Modulatory effect of zincoxide nanoparticles on gamma radiation-induced genotoxicity in Vicia faba (Fabeaceae)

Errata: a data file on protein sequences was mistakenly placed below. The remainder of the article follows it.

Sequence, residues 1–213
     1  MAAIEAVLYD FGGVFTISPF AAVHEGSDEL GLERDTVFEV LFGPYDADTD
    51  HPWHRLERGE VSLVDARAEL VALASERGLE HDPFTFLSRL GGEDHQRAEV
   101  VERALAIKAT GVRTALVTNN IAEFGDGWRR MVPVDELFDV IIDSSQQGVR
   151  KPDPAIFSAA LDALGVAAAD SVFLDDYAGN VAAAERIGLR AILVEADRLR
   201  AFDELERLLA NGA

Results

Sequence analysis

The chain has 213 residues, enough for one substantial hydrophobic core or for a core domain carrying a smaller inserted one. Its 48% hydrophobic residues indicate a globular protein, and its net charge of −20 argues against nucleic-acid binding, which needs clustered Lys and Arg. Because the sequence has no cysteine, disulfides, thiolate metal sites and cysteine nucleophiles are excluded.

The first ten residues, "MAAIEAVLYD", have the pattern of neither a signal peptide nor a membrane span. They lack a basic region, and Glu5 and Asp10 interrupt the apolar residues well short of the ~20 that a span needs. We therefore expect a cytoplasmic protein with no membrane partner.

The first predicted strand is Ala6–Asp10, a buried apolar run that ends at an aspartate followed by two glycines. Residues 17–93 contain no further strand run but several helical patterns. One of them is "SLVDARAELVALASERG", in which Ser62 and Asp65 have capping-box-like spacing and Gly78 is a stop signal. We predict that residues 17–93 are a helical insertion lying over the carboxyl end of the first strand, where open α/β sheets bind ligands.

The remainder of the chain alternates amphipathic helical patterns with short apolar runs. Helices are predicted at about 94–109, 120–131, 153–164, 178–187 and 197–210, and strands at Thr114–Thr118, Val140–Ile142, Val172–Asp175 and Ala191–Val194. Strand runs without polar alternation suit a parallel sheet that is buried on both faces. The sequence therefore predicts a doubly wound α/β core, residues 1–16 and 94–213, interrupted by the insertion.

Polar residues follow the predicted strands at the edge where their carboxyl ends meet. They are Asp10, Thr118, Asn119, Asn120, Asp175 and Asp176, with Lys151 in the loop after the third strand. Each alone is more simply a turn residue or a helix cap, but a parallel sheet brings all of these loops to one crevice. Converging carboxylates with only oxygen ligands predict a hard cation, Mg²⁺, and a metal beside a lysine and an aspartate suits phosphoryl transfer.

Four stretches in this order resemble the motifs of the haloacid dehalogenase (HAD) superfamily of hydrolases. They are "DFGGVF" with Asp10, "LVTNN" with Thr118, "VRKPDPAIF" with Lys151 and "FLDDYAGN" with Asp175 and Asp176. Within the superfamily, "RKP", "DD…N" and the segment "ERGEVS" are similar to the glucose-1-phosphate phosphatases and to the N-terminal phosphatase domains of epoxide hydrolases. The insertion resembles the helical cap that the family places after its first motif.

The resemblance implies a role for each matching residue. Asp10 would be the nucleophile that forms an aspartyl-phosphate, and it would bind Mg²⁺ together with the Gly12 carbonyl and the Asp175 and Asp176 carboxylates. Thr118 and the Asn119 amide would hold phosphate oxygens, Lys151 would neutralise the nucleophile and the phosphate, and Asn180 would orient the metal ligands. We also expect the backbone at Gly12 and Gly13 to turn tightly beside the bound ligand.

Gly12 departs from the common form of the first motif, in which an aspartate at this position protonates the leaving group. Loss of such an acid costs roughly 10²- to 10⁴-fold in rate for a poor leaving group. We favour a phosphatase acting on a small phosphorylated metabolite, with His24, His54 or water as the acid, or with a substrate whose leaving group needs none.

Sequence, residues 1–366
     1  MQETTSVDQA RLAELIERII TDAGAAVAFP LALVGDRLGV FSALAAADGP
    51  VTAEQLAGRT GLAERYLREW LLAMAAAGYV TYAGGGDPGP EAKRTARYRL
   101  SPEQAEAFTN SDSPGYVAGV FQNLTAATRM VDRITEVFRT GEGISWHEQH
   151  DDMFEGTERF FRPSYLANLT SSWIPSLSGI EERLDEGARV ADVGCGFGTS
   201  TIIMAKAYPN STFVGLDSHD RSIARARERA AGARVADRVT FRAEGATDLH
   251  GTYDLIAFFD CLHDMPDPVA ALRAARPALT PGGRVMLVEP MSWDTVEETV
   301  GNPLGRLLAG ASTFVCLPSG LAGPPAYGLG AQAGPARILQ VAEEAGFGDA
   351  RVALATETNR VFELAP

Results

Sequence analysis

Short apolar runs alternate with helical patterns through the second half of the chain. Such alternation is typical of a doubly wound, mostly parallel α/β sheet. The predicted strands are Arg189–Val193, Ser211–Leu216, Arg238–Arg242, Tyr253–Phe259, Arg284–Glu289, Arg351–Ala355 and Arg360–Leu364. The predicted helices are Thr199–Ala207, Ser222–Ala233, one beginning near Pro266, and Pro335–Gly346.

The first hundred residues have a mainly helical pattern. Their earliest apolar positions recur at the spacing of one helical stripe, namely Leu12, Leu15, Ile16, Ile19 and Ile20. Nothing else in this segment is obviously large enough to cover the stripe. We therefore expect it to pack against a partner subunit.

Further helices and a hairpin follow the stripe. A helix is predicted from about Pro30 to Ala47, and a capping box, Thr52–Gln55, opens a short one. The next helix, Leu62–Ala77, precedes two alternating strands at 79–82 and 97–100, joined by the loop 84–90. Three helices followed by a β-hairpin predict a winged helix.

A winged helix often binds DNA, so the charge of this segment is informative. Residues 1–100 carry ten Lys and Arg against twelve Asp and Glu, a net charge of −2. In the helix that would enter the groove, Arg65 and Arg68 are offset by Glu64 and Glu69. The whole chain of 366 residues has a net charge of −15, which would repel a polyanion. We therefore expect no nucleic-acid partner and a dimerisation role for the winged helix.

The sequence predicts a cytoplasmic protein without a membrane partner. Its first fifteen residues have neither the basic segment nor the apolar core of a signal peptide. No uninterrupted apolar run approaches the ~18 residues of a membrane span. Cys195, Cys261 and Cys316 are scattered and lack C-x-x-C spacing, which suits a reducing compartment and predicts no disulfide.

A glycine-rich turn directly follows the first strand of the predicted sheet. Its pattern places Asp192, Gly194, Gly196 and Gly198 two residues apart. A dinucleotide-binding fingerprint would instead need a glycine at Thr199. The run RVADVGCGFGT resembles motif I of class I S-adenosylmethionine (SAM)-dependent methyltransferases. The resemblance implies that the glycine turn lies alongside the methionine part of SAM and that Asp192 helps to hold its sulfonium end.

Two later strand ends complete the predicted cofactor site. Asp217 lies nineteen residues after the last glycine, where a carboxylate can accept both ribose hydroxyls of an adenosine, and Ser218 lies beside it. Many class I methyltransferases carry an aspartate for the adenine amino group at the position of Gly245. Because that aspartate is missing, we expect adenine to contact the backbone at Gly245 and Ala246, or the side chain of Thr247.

Gamma radiation is commonly used to disinfect agricultural products to increase shelf-life. However, this may exert adverse effects on plant growth, development, fertility, and crop production due to oxidative stress and cellular damage. Post irradiation protection using nanoparticles could reduce or reverse deleterious effects after exposure to ionizing radiation. We monitored the effect of zinc oxide nanoparticles (ZnO NPs at 500, 2000, 4000 mg/L) on Vicia faba grown from seeds treated with gamma rays (20, 50, 100 Gy). Phenotypic (seed germination, percentage of inhibition, seedling growth) and cytogenetic markers (chromosomal behavior in mitosis, meiosis and pollen grains) along with ultrastructural changes in the chloroplasts and nuclei (transmission electron microscopy) were assessed. At 20 Gy radiations, ZnO NPs had no effect on the final germination percent; however, at 100 Gy and post-treatment with 4000 mg/L of ZnO NPs, a substantial reduction occurred. While vegetative growth and fruit production increased with 500 and 2000 mg/L ZnO NPs, all three doses of gamma rays induced reduction. ZnO NPs provoked a significant increase in the mitotic index of root meristems compared with the control and gamma radiation. A radioprotective effect of ZnO NPs in the mitotic-meristematic root tips of V. faba was observed. The degree of mutagenic efficiency and pollen grain sterility was dose-dependent. Chloroplasts and nuclei treated with higher concentrations of ZnO NPs (4000 mg/L) and the three doses of gamma rays showed adverse ultrastructural changes. An amelioration or modulation of these changes was observed post irradiation with 500 and 2000 mg/L ZnO NPs. ZnO NPs at 500 and 2000 mg/L concentrations had protective effects through the reduction of adverse effects of all doses of gamma rays at the phenotypic, cytogenetic, and cellular ultrastructure levels. Additional studies are warranted to explore ZnO NPs as potential nano-irradiation protective agents.